What I had completely forgotten is that for this cinema all Wednesdays were devoted to showing Indian films only, with the scheduled film of the week shown every other day. I returned to my apartment in St. Augustine that afternoon, quiet and brow beaten. I went to lie down on a bed that felt like hot bread just out of the oven, and all I could hear was Jumma chumma and see Bachchan thrusting, thrusting away, with his huge hands and massive head. I told people about this experience, hoping they would say something that would help to cure me, and instead they just doubled over laughing. And yet, the video has a disturbing quality for me: the images suggest that this is a giant gang rape, accompanied with a massive sperm hose, to subjugate the naughty bimbette who presumably asks to become the star Abusiña.
Years later, Trinidadian Chutney Soca sensation, Rikki Jai, would do a memorable remake of this same song, so it was never going to go away. Rikki Jai is brilliance on legs. In fact, I think it was his version that finally converted me to the strength and monumentality of Bachchan’s song, which now rang in my head forever after. I found the Bachchan original by first looking for Jai’s remake. And it was thanks to Rikki Jai that I was eventually turned on to all forms of Indian music, not just Chutney Soca, but also classic bhajans and ghazals. Having the right friends to recommend material to me also made a lasting difference.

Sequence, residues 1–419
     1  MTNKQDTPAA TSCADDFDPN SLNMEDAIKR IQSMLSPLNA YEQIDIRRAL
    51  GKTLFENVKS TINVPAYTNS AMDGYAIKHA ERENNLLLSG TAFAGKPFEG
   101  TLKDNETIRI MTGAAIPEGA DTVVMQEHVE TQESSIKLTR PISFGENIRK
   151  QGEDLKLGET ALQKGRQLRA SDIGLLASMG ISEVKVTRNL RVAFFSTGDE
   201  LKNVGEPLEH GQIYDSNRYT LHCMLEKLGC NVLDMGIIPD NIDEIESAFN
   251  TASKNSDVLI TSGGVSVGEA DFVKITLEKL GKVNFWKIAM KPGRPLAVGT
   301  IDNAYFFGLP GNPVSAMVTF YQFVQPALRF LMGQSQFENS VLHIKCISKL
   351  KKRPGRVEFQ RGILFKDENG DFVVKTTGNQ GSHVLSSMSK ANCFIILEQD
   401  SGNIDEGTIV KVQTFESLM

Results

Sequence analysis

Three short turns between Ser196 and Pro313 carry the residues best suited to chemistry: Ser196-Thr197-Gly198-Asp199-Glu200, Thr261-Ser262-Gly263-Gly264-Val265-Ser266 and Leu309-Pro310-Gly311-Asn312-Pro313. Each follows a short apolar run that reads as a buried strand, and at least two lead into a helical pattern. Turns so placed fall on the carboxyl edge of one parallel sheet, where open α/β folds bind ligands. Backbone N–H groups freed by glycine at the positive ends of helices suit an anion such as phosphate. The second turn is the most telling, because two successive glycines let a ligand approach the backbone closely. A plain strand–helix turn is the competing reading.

To this day I do not know what is said in the Jumma Chumma song, and it does not matter. I am a devoted convert to a sound and to images. I dreamt of this song for months afterwards. And now after 16 years I finally found it, on YouTube, where I realized how I was first called to Bollywood, precisely when and where, and through which song.
Now in Trinidad, on lazy, peaceful, warm Sunday afternoons with long golden, orange rays and tall shadows, a car with two massive megaphones on it will pass, blaring Bollywood music as it leads an Indian wedding party. The Doppler shift is impressive, and in slow motion. And whenever I hear one of these wedding parties approach I feel like I am transported to Heaven and I beg: “God, never take me away from this place.” And when I think about it, my prayers have really been answered.
Note 1: When I mentioned “the Nazi point” I did not mean to suggest anything about Bachchan’s politics, but rather to aesthetics alone, viewed through my lens. Bachchan successfully ran for a seat with the India Congress Party, and was a personal friend of Rajiv Gandhi and his mother, Indira.
Note 2: I am using this post to kick off a new series on this blog, that I will call “Notes from the Indian Diaspora.” Chutney Soca, and the mutual communication and interrelationships between Indians in India, Indians in Trinidad, and the role of anthropologists with roots in the Indian subcontinent, will be the centrepieces of the series. Afterwards, I will go back to the militarization of anthropology, through the work of David Price mostly.